In her insightful Comment on June Medical Services L.L.C. v. Russo in the Harvard Law Review’s Supreme Court Issue, Professor Melissa Murray uncovers the “complicated and constitutive relationship between the Court’s approach to stare decisis and its abortion-related jurisprudence.” (P. 312.) She shows not only that stare decisis principles structure the Court’s abortion jurisprudence, but also that conflict over the abortion right shapes the Court’s approach to stare decisis. In this sense, Murray persuasively demonstrates how abortion casts a long shadow over other bodies of law, not least of which is the trans-substantive question of stare decisis.
Murray’s perspective invites us to appreciate how the abortion conflict provides a template for other struggles, both inside and outside the courts. Without saying so explicitly, her analysis helps us to make sense of ongoing contestation over the meaning and reach of Obergefell v. Hodges, the Supreme Court’s 2015 landmark decision recognizing same-sex couples’ constitutional right to marry. Even as same-sex couples exercise the right to marry nationwide, opponents of LGBTQ equality are seeking to narrow and limit the decision’s reach—without asking the Court to expressly overrule it. They rely, often expressly, on the campaign against abortion rights as a model. Continue reading "The Shadow of Abortion"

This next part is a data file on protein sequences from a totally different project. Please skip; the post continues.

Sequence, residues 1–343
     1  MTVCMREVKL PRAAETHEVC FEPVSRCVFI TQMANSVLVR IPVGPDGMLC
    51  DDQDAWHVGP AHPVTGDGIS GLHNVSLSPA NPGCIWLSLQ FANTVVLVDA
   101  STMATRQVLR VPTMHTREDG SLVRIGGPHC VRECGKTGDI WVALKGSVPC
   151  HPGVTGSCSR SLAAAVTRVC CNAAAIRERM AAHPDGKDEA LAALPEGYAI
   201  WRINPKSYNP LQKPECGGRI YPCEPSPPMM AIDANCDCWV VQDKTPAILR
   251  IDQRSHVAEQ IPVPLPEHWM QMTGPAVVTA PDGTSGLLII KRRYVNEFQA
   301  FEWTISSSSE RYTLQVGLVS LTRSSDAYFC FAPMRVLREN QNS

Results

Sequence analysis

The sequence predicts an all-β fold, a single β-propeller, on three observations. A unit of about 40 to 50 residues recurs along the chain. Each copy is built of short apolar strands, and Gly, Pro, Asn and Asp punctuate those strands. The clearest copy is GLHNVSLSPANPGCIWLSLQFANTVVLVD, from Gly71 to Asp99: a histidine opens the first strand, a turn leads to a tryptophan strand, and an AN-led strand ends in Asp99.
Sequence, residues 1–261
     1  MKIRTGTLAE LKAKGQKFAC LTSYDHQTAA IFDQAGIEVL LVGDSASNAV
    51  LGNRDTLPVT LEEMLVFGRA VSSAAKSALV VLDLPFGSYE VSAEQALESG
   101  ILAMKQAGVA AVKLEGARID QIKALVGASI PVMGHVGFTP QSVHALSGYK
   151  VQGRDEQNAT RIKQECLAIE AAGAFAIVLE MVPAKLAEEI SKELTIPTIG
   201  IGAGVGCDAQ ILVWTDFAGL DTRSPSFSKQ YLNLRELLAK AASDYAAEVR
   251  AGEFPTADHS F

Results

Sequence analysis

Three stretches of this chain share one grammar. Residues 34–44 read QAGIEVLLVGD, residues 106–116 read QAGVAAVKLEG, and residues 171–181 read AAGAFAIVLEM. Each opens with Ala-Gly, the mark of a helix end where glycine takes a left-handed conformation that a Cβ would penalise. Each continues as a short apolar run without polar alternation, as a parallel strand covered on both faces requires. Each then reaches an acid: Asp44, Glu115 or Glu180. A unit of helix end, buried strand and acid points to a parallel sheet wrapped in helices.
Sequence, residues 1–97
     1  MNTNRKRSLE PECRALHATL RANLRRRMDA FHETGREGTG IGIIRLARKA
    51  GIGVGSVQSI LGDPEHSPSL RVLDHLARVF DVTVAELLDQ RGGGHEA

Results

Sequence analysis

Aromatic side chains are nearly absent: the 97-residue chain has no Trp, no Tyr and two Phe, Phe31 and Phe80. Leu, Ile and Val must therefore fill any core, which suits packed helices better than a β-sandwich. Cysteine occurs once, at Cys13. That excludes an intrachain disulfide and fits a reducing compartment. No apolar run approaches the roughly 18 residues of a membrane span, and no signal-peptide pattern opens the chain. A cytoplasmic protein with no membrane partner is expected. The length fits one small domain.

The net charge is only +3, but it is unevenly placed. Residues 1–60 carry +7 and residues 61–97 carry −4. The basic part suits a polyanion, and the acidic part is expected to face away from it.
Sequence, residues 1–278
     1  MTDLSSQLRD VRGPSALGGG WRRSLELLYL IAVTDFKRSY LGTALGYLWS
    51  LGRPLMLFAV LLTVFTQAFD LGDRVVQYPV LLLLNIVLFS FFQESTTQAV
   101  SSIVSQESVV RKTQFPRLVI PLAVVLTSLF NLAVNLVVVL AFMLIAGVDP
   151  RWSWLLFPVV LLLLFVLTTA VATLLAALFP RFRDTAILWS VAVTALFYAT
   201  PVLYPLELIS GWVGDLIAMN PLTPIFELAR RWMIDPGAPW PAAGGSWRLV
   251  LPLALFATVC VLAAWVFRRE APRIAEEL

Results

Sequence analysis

Jeff Pojanowski, Reevaluating Legal Theory
, 130 Yale L. J.
1300 (forthcoming, 2021), available at SSRN
Reevaluating Legal Theory, by Jeff Pojanowski, is a review essay on Julie Dickson’s work on indirectly evaluative legal theory takes in her 2001 book, Evaluation and Legal Theory, and her subsequent writing on the topic. More than this, it situates Dickson’s work within wider jurisprudential debates, preceding and continuing after her contributions. The essay amounts to a detailed guide through the terrain of jurisprudential methodology, which is both informative and stimulating, both cautious and boldly innovative. The reader is invited on a journey to be undertaken with less than favourable weather conditions, taking place under the menacing clouds gathering from the positivist/anti-positivist conflict. The route has been selected not so much as to feature moments of breathtaking vistas, as to require the reader to trudge through disappointing locations which have not lived up to their proclaimed attractions. We have to confront a dead end, or cul-de-sac (Pp. 1300, 1306), as well as admitting to being on the road to nowhere. (P. 1324.) Disappointing as this may be, one has to admire the instructive commentary accompanying each mis-step along the journey. Ultimately, this prepares us for the promise of a brighter destination, which holds out the hope of delivering what previous stopping points have failed to deliver.